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Physicists and pharmacologists join forces to better understand the biology of the blood-brain barrier.


​Thanks to complementary imaging techniques, researchers from the SHFJ and NeuroSpin have shown that  the physical blood-brain barrier (BBB) disruption is not necessarily enough to deliver some drugs into the brain, especially when there are recognized and supported by efflux transporters.

Published on 20 December 2018

Overcoming the efflux mediated by ATP–binding cassette (ABC) transporters at the blood-brain barrier (BBB) remains a challenge for the delivery of small molecule tyrosine kinase inhibitors (TKIs) such as erlotinib to the brain. Inhibition of ABCB1 and ABCG2 at the mouse BBB improved the BBB permeation of erlotinib but could not be achieved in humans. BBB disruption induced by focused ultrasound (FUS) was investigated as a strategy to overcome the efflux transport of erlotinib in vivo.

In rats, FUS combined with microbubbles allowed for a large and spatially controlled disruption of the BBB in the left hemisphere. ABCB1/ABCG2 inhibition was performed using elacridar (10 mg/kg i.v). The brain kinetics of erlotinib was studied using 11C-erlotinib Positron Emission Tomography (PET) imaging in 5 groups (n = 4–5 rats per group) including a baseline group, immediately after sonication (FUS), 48 h after FUS (FUS + 48 h), elacridar (ELA) and their combination (FUS + ELA). BBB integrity was assessed using the Evan's Blue (EB) extravasation test. Brain exposure to 11C-erlotinib was measured as the area under the curve (AUC) of the brain kinetics (% injected dose (%ID) versus time (min)) in volumes corresponding to the disrupted (left) and the intact (right) hemispheres, respectively.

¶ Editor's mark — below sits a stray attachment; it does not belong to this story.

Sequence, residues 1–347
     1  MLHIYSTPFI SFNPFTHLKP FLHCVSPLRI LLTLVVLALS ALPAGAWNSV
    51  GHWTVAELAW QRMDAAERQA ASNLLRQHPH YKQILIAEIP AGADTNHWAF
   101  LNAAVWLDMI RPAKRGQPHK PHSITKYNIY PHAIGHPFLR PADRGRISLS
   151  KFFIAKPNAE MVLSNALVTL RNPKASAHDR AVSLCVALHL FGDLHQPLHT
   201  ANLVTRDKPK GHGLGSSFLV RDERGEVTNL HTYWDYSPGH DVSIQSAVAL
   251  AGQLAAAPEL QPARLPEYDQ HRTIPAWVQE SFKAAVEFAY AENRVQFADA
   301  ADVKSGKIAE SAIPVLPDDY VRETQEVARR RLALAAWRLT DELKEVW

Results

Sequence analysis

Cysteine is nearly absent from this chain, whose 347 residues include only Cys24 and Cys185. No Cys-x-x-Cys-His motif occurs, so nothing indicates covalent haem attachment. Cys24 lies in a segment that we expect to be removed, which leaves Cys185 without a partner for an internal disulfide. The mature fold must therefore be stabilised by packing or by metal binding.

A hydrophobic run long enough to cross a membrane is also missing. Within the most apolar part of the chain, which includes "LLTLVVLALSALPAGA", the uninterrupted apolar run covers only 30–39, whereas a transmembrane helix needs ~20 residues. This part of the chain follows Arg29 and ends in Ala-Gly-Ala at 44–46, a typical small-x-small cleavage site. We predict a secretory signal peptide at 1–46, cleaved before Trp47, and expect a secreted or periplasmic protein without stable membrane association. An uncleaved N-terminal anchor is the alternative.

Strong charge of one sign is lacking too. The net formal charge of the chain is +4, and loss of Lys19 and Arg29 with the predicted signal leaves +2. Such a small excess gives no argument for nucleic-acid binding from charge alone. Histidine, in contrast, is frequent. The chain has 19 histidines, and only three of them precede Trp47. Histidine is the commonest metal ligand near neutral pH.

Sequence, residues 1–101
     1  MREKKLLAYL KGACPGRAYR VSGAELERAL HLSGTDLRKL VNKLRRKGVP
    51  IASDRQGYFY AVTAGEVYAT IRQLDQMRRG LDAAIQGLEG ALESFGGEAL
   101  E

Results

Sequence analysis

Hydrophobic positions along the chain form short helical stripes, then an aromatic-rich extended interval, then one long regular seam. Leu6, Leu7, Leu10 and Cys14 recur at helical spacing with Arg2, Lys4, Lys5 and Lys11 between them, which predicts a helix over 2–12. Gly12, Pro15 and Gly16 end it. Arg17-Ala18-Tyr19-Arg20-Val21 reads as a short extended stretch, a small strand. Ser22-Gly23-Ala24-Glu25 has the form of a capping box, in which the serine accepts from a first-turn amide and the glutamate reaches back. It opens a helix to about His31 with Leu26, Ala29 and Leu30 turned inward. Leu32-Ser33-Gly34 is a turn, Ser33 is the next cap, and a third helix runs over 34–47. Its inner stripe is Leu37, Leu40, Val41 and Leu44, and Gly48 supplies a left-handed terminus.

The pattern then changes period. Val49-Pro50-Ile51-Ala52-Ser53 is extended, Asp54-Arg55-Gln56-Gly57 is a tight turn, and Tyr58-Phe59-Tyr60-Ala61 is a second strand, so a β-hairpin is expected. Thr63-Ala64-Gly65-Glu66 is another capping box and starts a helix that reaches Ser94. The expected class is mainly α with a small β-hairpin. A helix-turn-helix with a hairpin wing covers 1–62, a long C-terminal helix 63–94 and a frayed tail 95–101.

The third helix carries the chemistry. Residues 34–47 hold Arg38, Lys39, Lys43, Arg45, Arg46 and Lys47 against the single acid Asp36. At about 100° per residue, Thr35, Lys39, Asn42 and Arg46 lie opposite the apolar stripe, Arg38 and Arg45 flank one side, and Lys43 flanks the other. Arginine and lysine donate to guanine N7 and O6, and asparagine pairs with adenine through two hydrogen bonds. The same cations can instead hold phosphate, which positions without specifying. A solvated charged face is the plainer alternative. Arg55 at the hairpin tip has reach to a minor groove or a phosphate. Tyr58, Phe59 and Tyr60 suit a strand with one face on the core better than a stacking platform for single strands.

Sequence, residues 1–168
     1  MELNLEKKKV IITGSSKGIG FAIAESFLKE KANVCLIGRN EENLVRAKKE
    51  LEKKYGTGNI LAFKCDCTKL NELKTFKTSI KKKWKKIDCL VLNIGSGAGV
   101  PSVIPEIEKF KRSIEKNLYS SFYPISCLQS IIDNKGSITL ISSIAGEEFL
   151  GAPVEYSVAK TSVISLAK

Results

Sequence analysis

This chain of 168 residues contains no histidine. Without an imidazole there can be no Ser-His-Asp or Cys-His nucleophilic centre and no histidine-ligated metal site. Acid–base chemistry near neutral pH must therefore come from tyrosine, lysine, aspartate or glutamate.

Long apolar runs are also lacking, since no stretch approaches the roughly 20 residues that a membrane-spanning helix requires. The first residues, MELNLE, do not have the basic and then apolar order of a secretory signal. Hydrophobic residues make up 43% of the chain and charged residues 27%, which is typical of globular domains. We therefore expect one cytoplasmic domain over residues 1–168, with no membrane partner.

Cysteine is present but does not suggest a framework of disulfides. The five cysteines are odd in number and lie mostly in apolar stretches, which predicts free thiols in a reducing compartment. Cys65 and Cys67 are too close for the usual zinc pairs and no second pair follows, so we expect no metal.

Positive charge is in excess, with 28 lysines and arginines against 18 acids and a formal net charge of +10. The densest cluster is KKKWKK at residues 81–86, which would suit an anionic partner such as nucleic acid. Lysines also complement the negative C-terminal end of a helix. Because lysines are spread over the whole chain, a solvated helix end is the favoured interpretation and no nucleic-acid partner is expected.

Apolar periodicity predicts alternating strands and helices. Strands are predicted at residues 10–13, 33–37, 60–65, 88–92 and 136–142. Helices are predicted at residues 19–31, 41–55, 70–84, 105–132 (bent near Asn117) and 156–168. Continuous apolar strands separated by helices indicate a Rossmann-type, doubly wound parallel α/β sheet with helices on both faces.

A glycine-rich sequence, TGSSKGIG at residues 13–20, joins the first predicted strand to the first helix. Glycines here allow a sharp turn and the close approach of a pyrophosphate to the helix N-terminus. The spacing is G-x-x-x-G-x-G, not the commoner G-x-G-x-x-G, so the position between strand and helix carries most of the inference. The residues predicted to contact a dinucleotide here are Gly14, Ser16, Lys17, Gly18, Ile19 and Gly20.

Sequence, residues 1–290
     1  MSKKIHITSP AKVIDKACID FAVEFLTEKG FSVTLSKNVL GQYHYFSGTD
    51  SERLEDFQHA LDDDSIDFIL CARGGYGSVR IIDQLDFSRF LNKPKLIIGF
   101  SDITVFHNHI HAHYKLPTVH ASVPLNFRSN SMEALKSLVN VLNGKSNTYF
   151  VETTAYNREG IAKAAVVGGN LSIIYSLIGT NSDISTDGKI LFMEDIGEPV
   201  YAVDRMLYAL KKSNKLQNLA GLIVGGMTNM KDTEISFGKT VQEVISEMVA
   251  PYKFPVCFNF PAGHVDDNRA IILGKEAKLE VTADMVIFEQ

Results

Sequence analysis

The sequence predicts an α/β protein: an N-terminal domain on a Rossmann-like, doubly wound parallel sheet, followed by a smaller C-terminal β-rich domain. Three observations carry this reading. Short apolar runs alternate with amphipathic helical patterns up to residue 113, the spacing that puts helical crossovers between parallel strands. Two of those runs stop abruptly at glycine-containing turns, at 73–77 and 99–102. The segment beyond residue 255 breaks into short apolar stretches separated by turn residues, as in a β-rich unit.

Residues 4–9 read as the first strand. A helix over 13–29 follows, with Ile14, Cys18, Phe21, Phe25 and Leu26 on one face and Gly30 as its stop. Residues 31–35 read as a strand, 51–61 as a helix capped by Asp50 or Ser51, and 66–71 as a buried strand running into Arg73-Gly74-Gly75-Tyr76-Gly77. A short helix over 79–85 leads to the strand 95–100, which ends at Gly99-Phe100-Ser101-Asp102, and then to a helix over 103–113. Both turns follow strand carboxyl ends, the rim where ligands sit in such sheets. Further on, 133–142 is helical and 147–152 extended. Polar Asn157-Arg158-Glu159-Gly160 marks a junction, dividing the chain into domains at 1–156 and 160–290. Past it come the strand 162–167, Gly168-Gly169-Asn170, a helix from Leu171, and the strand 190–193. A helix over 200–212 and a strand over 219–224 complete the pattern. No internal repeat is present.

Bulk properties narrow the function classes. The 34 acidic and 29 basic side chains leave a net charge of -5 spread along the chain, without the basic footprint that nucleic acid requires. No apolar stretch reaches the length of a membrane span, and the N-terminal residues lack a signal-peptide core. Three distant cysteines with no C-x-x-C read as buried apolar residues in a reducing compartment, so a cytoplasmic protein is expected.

EB extravasation highlighted BBB disruption in the left hemisphere of animals of the FUS and FUS + ELA groups but not in the control and ELA groups. EB extravasation was not observed 48 h after FUS suggesting recovery of BBB integrity. Compared with the control group (AUCBaseline = 1.4 ± 0.5%ID.min), physical BBB disruption did not impact the brain kinetics of 11C-erlotinib in the left hemisphere (p > .05) either immediately (AUCFUS = 1.2 ± 0.1%ID.min) or 48 h after FUS (AUCFUS+48h = 1.1 ± 0.3%ID.min). Elacridar similarly increased 11C-erlotinib brain exposure to the left hemisphere in the absence (AUCELA = 2.2 ± 0.5%ID.min, p < .001) and in the presence of BBB disruption (AUCFUS+ELA = 2.1 ± 0.5%ID.min, p < .001). AUCleft was never significantly different from AUCright (p > .05), in any of the tested conditions.

BBB integrity is not the rate limiting step for erlotinib delivery to the brain which is mainly governed by ABC-mediated efflux. Efflux transport of erlotinib persisted despite BBB disruption.
​Left pannel: Focused ultrasound induce a BBB disruption (MRI imaging, left) without any effect on erlotinib delivery to brain (TEP imaging, right). Right pannel: Inhibitng efflux transporters doesn't disrupt BBB but enhance the delivery of the erlotinib into the brain. 
© SHFJ/NeuroSpin/CEA


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